Wednesday, October 03, 2012

Writer's Wednesday: Perfect People Are Boring by Beth Cornelison

Romantic Suspense Author Beth Cornelison explains the importance of character flaws

Once upon a time there was a princess who was beautiful, kind and generous. Princess Yawn had many friends and much wealth. One day she traveled to another country and met a handsome and courageous prince who fell madly in love with her. Prince Dull was a great scholar, a mighty warrior and fearless leader. Despite his toughness on the battlefield, he was compassionate, thoughtful and romantic whenever he was with Princess Yawn. He loved children and wanted nothing more than to marry Princess Yawn and have many heirs with her. And so they got married and lived happily ever after.


If this were the summary of a book you were thinking of buying, would you put it in your cart after reading that synopsis? No matter how handsome the man on the cover— and no doubt, Prince Dull is a fine-looking man— I’m guessing you’d pass on this book. It has no pizzazz, no intriguing twist, nothing to make it interesting. The characters are just too…perfect. Now think about the books on your keeper shelf. What was it about those novels that endeared the stories to you and gave them keeper status? More than likely what stayed with you from those books was the characters. I'll bet you my lunch money those characters started their journey as flawed individuals with enough sympathetic traits that you rooted for them despite their faults.


Flawed doesn't mean your hero must be dark, tortured and riddled with angst. Nor does it mean you heroine has to be a sharp-tongued witch or too stupid to live. Balance, as with everything in life, is the key. A character needs traits the reader can love (Things like courage, compassion, and a sense of humor) along with some trait that will be a stumbling block to the character in reaching their goal (Think fear of commitment, self-doubt, workaholic, etc.). 


Why? Because perfect people are boring! Perfect people with perfect lives have no conflict, and conflict is the fuel that drives your story. Perfect people are already at their zenith and have nowhere to go. Why do you read a book if not to follow a character on a journey of growth and discovery? Readers want to see characters struggle, learn and earn the right to a happy ending. A flawed character who must overcome their faults, who must learn to change and face their fears is far more interesting (and realistic). Make your workaholic re-examine his priorities and learn that balance, sharing his life with his family, or leaving his job for a life of adventure is the way he'll find true happiness.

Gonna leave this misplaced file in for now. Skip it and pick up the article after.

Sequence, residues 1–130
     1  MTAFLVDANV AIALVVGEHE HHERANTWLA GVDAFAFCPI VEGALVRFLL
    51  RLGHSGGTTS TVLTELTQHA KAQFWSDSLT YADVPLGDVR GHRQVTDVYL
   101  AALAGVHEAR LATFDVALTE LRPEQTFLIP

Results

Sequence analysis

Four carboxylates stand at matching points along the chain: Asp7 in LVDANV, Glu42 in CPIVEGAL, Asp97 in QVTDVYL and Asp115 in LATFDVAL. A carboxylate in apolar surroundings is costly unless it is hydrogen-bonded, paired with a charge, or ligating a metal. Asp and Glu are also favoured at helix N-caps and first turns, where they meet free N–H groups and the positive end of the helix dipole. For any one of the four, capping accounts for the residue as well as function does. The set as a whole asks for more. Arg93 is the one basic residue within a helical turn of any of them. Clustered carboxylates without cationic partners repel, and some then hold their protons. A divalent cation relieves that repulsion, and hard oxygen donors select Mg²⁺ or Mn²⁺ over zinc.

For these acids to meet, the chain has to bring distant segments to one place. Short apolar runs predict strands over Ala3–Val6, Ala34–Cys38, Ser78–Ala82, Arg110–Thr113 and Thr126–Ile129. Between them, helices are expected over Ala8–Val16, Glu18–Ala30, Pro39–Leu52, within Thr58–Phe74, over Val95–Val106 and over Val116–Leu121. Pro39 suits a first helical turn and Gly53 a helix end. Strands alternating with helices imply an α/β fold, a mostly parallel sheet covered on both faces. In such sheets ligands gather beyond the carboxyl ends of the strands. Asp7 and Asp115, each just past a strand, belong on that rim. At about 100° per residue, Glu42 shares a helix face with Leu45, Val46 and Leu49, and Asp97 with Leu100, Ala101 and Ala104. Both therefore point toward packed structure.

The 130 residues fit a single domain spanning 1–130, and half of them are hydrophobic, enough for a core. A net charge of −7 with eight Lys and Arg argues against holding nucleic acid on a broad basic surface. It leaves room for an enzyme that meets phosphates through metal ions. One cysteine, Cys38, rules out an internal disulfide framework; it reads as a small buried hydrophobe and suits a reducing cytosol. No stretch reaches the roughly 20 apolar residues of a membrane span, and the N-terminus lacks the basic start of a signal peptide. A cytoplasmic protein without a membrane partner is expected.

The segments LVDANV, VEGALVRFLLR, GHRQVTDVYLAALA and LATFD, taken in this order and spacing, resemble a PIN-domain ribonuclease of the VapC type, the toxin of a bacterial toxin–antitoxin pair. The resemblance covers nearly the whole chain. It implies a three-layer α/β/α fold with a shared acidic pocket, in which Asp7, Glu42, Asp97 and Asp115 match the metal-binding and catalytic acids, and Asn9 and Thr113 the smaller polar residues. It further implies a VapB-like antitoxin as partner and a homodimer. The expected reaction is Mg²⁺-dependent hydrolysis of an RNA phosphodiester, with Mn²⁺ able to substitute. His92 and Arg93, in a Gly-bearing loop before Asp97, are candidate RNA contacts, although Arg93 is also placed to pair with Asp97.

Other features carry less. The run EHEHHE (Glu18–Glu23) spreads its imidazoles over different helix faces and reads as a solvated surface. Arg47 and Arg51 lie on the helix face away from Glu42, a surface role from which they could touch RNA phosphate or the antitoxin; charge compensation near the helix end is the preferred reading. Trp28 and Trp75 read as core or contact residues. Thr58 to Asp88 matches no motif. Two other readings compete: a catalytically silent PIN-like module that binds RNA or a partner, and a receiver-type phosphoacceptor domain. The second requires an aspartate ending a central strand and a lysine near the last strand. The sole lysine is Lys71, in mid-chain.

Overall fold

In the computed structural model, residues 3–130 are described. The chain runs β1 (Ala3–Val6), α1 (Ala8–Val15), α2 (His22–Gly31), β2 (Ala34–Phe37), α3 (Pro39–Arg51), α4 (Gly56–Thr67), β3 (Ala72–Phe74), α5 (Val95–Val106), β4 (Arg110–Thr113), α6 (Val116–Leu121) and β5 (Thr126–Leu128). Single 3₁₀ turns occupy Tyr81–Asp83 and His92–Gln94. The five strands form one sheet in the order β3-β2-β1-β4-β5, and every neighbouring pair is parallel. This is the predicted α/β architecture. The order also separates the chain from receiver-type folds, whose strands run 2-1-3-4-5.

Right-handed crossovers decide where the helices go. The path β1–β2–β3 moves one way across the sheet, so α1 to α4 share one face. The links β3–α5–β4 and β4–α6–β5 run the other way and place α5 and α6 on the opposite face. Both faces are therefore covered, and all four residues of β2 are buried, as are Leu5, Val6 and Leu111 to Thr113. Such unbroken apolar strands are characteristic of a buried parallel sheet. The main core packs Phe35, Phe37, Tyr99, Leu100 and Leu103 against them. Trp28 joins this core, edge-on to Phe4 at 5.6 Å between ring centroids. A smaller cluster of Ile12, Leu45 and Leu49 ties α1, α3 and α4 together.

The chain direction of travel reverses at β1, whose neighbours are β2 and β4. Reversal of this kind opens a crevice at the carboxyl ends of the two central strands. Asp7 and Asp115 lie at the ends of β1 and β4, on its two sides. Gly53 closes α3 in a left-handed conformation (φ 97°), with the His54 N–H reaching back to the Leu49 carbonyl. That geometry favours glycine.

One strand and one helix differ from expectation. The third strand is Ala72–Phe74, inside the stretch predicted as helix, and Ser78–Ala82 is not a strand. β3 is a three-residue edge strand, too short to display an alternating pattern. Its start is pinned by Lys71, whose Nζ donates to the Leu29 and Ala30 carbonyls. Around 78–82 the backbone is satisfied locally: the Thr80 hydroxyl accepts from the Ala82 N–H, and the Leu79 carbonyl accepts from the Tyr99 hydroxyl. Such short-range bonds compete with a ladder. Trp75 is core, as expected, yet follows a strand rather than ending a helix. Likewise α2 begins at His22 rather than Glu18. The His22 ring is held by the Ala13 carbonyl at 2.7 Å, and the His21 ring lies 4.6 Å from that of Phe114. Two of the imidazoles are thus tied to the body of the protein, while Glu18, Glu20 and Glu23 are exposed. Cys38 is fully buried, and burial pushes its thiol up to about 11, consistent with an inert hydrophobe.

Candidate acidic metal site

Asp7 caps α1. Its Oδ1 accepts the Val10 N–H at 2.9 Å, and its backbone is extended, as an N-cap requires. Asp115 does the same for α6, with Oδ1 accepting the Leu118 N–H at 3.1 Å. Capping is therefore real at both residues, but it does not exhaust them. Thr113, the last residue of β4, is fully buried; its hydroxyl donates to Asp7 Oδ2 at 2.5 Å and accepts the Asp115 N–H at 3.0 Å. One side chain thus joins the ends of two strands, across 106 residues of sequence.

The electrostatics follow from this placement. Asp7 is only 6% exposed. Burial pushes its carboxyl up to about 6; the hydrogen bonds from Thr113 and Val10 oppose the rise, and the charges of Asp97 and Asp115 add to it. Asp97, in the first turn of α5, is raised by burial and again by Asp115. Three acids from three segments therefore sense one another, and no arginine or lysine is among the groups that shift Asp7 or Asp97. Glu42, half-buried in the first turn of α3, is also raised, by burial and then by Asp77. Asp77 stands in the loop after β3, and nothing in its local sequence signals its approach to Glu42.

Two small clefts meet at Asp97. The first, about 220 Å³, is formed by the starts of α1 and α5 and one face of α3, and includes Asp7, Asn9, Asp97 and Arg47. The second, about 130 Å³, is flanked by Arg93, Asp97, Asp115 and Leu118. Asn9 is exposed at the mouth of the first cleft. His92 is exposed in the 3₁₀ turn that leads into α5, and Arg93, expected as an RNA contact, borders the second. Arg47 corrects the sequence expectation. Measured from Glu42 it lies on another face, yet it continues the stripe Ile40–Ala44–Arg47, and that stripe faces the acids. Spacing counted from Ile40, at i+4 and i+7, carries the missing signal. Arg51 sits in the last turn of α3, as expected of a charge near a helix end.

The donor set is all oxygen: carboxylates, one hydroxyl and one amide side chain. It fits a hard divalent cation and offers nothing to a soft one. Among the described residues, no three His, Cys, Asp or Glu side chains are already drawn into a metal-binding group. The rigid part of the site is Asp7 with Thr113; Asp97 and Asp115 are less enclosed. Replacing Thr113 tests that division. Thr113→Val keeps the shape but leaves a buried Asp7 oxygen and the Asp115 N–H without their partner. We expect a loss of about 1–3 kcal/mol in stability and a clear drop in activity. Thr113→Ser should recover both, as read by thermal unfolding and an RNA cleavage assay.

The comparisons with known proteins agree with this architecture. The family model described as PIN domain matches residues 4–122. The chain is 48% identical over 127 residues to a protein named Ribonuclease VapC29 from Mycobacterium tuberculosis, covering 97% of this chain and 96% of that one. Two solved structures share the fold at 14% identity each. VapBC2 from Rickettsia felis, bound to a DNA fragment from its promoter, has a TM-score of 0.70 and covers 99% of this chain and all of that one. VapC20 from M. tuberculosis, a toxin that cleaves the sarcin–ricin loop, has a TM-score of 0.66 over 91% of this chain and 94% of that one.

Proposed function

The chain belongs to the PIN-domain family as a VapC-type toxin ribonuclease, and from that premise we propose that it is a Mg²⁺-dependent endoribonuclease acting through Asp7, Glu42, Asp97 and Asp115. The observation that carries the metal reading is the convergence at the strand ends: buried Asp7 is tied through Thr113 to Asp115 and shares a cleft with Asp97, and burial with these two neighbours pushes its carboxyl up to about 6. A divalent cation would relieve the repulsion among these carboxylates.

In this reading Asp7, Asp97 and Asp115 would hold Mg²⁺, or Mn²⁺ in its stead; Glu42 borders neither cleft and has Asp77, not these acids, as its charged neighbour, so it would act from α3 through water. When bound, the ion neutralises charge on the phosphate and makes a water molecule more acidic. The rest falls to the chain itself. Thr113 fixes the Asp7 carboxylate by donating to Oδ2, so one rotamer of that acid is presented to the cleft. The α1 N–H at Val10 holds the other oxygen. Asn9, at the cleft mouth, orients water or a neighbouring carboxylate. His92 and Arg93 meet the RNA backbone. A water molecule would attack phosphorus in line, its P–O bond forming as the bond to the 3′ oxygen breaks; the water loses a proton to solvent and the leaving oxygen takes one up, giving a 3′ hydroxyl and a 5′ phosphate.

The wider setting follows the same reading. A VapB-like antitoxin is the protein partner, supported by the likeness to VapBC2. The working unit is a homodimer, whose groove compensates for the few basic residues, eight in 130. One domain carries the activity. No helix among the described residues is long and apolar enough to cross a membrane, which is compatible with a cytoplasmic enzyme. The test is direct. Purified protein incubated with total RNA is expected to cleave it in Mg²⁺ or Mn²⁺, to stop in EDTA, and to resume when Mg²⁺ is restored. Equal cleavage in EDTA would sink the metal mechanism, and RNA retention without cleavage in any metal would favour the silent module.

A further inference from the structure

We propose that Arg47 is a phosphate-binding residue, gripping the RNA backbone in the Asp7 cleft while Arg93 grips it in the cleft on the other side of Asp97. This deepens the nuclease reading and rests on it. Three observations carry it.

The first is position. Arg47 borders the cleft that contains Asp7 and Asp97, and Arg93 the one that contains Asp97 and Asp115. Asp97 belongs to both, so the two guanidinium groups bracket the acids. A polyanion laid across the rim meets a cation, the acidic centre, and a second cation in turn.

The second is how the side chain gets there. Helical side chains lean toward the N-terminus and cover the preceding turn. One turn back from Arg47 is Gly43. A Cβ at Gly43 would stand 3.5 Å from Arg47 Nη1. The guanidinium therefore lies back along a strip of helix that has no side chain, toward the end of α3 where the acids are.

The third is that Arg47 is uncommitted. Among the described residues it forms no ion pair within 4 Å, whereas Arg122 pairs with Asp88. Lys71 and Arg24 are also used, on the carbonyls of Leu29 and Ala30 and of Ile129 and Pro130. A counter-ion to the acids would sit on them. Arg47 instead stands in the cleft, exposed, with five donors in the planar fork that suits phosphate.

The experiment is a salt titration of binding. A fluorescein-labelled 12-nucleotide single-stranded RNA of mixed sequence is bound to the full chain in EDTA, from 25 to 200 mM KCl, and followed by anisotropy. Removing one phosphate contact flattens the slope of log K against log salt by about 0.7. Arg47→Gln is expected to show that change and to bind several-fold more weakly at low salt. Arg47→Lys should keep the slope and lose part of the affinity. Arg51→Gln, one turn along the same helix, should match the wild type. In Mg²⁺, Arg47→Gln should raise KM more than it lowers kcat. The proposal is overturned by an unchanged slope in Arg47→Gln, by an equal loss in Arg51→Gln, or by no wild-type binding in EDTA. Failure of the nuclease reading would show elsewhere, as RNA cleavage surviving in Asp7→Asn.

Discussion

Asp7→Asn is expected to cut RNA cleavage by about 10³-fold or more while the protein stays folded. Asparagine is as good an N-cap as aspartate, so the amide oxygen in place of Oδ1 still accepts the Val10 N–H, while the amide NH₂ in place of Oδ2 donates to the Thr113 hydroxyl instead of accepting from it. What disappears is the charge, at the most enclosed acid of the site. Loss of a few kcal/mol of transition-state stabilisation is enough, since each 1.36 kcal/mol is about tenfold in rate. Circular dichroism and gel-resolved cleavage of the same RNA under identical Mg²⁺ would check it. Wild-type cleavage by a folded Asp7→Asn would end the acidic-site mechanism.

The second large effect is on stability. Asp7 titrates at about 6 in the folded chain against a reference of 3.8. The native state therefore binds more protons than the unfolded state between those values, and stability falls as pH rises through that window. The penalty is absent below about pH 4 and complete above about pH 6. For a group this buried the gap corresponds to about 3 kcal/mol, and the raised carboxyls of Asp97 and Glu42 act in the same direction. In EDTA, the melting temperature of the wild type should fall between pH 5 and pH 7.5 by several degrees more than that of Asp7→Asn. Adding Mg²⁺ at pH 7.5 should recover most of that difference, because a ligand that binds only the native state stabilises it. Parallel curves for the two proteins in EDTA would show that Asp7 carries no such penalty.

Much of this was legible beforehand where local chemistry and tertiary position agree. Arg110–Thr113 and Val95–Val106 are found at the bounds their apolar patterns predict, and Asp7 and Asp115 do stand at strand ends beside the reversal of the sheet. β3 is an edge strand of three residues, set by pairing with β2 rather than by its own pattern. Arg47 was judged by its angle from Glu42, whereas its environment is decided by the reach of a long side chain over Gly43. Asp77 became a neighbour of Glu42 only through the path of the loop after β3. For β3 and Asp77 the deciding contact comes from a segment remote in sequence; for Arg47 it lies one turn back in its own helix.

Once you've decided what your character's flaws will be, show the audience these flaws by putting your character in situations, crises, and relationships that force the character to make choices. Push your character into corners and make them battle their way out. How your character acts in difficult circumstances or when faced with change shows the reader who that character is, what they're made of. Challenge the character's self-concept. Give your character reasons to break out of the box he's lived in to that point and push the boundaries. What will your character do when face with choosing between a business meeting with an important client and being at his recently-orphaned nephew's championship baseball game? Let your character flounder and make bad choices sometimes and have to suffer the consequences. Isn't that how real life lessons are learned? Through a series of setbacks and small gains, your flawed character will grow and learn and be a different (and better!) person by the end of the story. 


Now that your character has changed, force him to make a sacrifice in order to prove they've learned, grown and earned their happily ever after. This sacrifice can be giving up a preconceived notion, a bad habit, a grudge that has hindered them since page one. The sacrifice can be big if it fits the story they can risk their life to save someone, give up a job or a lifestyle or a cherished possession but make it personal and relevant to this character's conflict and growth. In the last pages, give your character their just reward. Be it happiness, true love, fame or fortune, they've earned their happily ever after!   


            If you’d like to learn more about creating flawed and interesting characters and how to take that flawed character through a growth arc, I’ll be teaching “Perfect People are Boring” at the end of this month as an online class. If you're interested, email me for details at bcornelison AT comcast DOT net. In the meantime, comment below to tell me a favorite flawed character from a memorable book. Happy reading, Beth Cornelison
Rita Award finalist Beth Cornelison made her first sale to Silhouette Intimate Moments in June 2004 and has gone on to publish many more books with Harlequin/Silhouette as well as other publishers. Cornelison has presented writing workshops across the United States, and she currently lives in Louisiana with her husband and son. You can read more about Beth and her books at

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